Since ancient times, makeup dawned on the faces of royalty, nobility and the wealthy. Today, while self-expressive, it holds a dark secret that either goes unknown or ignored; mica mining.
The evolution of makeup shows the natural elements that went into basic cosmetics for a basic look.
Nowadays, natural ingredients give a more shimmery look because of mica, which is the dark secret behind the makeup industry.
Children as young as four years old work in mica mines in India. Unsafe working conditions in unstable mines, these children work long hours of the day for a mineral not only used in cosmetics, but in drywall and car paint, among others.
The Evolution of Makeup
In Ancient Egypt, to create a pigment in their cosmetics, Egyptians used copper and lead ore. Kohl created dark eyeliners and eyeshadows.
To represent social class in Ancient China, gum Arabia, egg whites and beeswax created a pigment that stained fingernails.
1000 B.C.E. – 800 C.E.
The Ancient Greeks and Romans evidently used oils and waxes for topical balms. Higher-class women adopted many practices from the Ancient Egyptians.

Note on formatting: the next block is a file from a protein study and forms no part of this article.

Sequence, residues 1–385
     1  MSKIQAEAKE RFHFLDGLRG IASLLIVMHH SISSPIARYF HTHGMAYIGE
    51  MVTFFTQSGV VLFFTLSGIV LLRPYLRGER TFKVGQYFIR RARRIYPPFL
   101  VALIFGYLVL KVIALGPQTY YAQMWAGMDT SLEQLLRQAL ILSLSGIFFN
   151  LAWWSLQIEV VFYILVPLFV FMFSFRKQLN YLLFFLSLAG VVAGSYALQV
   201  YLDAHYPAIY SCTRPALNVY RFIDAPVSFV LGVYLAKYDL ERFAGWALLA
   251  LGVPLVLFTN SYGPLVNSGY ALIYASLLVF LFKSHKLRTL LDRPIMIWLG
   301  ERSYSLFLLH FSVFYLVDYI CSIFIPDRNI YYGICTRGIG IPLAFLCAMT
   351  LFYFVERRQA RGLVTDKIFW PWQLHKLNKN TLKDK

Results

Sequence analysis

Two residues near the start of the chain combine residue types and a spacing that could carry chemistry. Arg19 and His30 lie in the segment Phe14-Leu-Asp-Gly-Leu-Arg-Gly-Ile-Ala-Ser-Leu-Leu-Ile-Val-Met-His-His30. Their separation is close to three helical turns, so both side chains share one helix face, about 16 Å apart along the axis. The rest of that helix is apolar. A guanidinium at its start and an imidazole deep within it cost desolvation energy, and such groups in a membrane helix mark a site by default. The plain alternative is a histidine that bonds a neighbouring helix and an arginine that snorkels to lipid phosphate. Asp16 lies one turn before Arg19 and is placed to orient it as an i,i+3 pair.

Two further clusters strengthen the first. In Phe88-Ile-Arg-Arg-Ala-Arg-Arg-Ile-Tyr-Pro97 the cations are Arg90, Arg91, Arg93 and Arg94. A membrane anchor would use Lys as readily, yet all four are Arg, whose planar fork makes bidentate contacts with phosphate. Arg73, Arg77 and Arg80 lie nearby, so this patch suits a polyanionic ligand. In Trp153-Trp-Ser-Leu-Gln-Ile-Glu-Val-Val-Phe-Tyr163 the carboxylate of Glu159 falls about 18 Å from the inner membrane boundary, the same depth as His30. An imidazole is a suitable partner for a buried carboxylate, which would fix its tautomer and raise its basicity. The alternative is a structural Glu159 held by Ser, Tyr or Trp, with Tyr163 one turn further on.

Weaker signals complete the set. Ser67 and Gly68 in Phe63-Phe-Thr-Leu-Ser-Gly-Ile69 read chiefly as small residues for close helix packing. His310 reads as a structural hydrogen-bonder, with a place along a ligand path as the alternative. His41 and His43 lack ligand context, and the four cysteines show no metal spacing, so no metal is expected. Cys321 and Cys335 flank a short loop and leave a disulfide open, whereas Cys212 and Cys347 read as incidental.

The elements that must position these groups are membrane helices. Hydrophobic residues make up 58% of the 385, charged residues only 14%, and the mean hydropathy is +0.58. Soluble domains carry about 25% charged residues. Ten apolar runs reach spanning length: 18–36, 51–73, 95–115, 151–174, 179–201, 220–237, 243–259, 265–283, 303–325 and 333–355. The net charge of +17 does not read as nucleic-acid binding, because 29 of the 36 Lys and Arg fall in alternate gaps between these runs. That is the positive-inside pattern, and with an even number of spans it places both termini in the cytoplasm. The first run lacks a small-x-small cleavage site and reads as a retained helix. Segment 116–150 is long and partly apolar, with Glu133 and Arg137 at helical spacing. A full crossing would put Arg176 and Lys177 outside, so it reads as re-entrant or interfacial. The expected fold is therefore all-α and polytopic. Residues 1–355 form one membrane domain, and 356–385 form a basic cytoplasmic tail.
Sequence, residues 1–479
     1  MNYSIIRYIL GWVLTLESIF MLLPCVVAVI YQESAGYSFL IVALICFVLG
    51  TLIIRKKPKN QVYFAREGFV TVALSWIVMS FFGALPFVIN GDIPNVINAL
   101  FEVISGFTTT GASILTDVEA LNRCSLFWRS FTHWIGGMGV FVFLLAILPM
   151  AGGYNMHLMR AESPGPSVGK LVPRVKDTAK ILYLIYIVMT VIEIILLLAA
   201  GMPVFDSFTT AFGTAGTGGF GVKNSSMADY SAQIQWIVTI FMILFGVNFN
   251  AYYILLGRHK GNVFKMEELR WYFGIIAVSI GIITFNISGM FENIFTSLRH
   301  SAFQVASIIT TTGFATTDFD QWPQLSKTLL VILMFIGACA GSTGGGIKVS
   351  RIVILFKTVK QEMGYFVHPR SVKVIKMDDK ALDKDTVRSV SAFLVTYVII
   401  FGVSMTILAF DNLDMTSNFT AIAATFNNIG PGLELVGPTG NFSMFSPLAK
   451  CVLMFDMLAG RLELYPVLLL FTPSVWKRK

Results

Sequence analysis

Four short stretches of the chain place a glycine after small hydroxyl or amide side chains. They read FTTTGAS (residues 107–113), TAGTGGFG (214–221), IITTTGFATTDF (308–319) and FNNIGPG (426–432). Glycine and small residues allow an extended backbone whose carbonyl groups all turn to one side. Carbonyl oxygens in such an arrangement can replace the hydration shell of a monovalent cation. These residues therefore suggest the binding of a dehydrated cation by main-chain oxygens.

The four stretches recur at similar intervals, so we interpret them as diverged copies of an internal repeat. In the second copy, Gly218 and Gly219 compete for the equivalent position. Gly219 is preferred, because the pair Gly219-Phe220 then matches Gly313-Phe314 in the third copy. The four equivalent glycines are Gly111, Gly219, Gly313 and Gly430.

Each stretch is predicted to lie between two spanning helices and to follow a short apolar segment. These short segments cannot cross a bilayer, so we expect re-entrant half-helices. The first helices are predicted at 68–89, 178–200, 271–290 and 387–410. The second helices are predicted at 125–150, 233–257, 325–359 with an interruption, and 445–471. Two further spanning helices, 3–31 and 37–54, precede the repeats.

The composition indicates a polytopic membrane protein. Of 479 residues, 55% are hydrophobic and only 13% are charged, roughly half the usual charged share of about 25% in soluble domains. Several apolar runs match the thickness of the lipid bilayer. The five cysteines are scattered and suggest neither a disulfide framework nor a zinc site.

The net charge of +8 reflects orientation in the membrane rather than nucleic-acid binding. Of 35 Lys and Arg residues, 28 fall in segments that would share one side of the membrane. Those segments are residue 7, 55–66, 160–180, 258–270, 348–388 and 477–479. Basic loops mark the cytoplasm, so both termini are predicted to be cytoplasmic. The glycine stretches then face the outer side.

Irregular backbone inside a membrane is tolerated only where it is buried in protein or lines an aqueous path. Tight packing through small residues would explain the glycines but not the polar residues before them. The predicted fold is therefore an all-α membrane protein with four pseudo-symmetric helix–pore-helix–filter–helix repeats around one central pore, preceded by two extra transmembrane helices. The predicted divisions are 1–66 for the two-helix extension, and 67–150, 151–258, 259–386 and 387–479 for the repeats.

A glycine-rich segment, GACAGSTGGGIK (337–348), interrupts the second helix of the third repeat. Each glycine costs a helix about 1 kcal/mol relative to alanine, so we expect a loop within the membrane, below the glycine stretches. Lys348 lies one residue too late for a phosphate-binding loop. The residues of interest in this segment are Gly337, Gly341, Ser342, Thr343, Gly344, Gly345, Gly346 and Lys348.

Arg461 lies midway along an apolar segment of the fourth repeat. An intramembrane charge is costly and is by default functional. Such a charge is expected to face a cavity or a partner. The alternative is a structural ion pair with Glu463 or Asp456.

After the fall of the Roman Empire, the use of cosmetics declined in Europe. The Church frowned upon it as sinful.
By 794 C.E., the use of makeup was common in Japan.
Female entertainers, during the Japanese Heian period (794 – 1185), painted their skin white and shaded their eyebrows and lips with colour.
White Powder and Paint
A fad that continued for centuries, white-painted faces were a sign of wealth all over the world.
The paler the complexion, the wealthier the individual. Darker, tanned skin meant an individual worked long hours in the sun.
Although a staple of success, the methods to have a paler complexion were unsafe and deadly.
Earlier face whitening powders contained lead and other poisons. Women would go to great lengths, such as ingesting arsenic or bleeding themselves.
The Middle Ages
Between 1265 and 1274, the Church discouraged the use of makeup. They believed it to be a sign of sin and promiscuity. Nevertheless, high-class women still used face powder and lip stains.
Bright vs. Neutral
In the 100s, the brighter shades of makeup were popular in France.
However, in America, bright shades were sexual and sinful and natural tones of makeup were popular. They associated heavy makeup with ‘ladies of the night’, such as women entertainers, dancers and sex workers.
Max Factor and Maybelline
In 1909, a Polish cosmetician, Max Factor, opened his first professional makeup studio for movie stars in Los Angeles.
During this time, women did not heavily use cosmetics. Most of it had to be purchased from theatrical cosmetic stores.